Here there is no Greek or Jew, circumcised or uncircumcised, barbarian, Scythian, slave or free, but Christ is all, and is in all. Therefore, as God's chosen people, holy and dearly loved, clothe yourselves with compassion, kindness, humility, gentleness and patience. Bear with each other and forgive whatever grievances you may have against one another. Forgive as the Lord forgave you. And over all these virtues put on love, which binds them all together in perfect unity. Let the peace of Christ rule in your hearts, since as members of one body you were called to peace. And be thankful. Let the word of Christ dwell in you richly as you teach and admonish one another with all wisdom, and as you sing psalms, hymns and spiritual songs with gratitude in your hearts to God. And whatever you do, whether in word or deed, do it all in the name of the Lord Jesus, giving thanks to God the Father through him.

The church has flourished in times of governmental adversity, and decayed in times of governmental consent. One need only look at the church during the reign of the wrathful Roman emperors and in modern day China and compare it to the Church during the inquisition, the reformation, and World War II. We have reached the day where being a good American and a good Christian are synonymous.

The church, whether on the right or the left, should remember that a resort to politics to bring about the Kingdom of God is a damning statement that the church has failed. It is a damnable statement to say that there is no hope in Christ, only in governments led by failed and corrupt people.

In the violence of the world, the hurricanes of injustice and inequality will ebb and flow. But among God's people, the church, there is to be haven and safety, acceptance and peace. Not to change the world, but rather because of changed hearts that provide shelter.

While the government is important to all of our lives, it is the church, not the United States of America, where one should look to find equality, hope, love, support and wisdom. Our hope is in Christ, and not the constitution.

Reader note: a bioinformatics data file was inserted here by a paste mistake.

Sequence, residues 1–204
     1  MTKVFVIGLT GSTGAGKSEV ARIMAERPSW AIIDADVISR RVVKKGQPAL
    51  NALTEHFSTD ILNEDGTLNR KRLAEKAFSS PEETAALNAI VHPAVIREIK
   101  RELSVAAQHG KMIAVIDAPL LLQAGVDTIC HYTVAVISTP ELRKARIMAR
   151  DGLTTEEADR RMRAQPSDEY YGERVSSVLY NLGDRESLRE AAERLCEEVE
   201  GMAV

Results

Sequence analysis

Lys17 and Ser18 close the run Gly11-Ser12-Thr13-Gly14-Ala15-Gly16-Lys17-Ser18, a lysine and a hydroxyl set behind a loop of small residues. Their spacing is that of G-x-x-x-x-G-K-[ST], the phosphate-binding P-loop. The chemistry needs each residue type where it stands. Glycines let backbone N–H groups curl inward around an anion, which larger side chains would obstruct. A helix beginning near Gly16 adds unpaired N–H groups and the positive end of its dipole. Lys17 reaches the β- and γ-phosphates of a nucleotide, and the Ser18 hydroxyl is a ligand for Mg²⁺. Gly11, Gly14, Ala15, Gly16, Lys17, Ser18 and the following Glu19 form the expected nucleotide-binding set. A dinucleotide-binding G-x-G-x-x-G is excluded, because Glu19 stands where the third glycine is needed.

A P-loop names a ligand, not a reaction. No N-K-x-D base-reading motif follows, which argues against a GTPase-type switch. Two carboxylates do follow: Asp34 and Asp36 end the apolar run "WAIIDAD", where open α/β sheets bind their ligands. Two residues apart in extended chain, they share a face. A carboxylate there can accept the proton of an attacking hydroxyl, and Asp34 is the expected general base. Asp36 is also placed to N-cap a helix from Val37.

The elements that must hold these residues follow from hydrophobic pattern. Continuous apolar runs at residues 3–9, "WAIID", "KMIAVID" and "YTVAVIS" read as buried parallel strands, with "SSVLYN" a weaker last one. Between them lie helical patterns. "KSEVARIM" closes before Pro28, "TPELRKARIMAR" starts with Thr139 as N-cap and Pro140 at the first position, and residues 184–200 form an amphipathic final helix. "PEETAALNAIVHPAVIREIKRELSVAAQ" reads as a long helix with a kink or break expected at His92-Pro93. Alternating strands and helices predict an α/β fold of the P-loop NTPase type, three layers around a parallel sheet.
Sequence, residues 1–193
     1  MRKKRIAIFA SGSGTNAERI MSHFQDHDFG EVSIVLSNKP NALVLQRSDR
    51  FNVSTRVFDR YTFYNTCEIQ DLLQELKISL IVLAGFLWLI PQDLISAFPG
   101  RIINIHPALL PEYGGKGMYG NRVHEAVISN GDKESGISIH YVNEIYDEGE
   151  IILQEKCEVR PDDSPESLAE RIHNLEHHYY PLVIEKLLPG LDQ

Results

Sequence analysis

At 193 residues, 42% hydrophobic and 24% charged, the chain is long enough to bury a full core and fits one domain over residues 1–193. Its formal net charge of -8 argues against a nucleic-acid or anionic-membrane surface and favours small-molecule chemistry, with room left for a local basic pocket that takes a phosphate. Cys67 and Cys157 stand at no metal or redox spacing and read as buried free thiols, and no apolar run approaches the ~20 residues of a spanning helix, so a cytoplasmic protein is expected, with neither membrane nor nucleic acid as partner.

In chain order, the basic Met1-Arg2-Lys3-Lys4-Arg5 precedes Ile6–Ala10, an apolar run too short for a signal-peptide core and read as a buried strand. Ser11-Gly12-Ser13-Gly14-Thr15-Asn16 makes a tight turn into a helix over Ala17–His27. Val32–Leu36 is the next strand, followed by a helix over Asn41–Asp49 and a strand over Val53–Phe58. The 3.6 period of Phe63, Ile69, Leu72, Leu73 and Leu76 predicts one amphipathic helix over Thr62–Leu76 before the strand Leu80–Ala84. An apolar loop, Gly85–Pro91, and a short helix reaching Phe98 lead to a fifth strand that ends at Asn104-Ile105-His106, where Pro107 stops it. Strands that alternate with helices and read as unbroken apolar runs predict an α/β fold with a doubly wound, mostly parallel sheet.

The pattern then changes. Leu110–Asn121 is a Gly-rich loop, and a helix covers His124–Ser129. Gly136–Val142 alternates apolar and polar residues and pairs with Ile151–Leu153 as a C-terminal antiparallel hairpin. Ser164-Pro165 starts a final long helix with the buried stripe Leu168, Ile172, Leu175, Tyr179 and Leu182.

Regardless of the government, the church should be the one place where something is done because it is the right thing to do.

On Tuesday, November 4, 2008, we have the government-created right to elect a leader of this country, and one which we as God's people should exercise. No matter who it is you vote for, that choice will be a selfish one in which you will decide who will make you most comfortable with the future unknowns.

But in the end, Christ's kingdom is not on the line, and we wield no power over God's sovereign plan for His people. A vote for Obama is not a vote against God, nor is a vote for McCain a vote for God. Our witness to the truths of Christ is not found in our political record, but how we love one another.

Its His bus, and like Rosa Parks, we are just along for the ride.

Perhaps Rosa would have done more for our country by sitting on the front pew of the First Baptist Church of Montgomery.

But then again, perhaps it is easier to find justice and equality in courts and governments than in the church.


Sunday, September 14, 2008

What It Doesn't Take

Critics are like eunuchs in a harem; they know how it's done, they've seen it done every day, but they're unable to do it themselves. -Brendan Behan

As a long time Christian, I have sat through many a "concert" designed to build the self esteem of someone in the church. It is important for us to encourage and support our young people at church. ("Young people" is a much broader term now than it used to be.) However, most such concerts and performances leave you thanking God, either that it is over, or that Tylenol can be bought in bulk at Sam's. But you do it because it is the right thing to do.

With that in mind, and after much ado, I purchased the new CD on iTunes from Act of Congress entitled Declaration. Of course, being the great church member that I am, I did so as a sign of support for one of our own, Adam Wright. I've heard Adam sing at church with Stokes and Connie, and seen him lead us in worship while Stoke has been gone. All-in-all, he's got a good voice and a great attitude. So, I thought, what's ten bucks to show the guy some love?

All I can say is, wow, was I wrong. Ten bucks doesn't begin to reward the talent shown by these musicians and vocalists.

As a church, we are blessed with so much musical talent, which starts with Stokes and Connie. And I knew Adam was good, but before this album, I never fully realized the depth of his talent. As a church, we are fortunate to have him with us.

Now, admittedly, I have an affinity for the more philosophical music of Bob Dylan, Roger Waters, John Lennon, Bono and (more recently) Derek Webb, and the pop music of groups like the Eagles, Rolling Stones, and the song writing of artists like Dylan, Kris Kristofferson, Neil Young and Sam Cooke. But if this first album is any indication, that list appears to have grown by one: Adam Wright.

While not perfect, the freshman CD from Act of Congress is better, deeper, and more aesthetically pleasing than 98% of the drivel that passes for music from many more accomplished and acclaimed bands and song writers.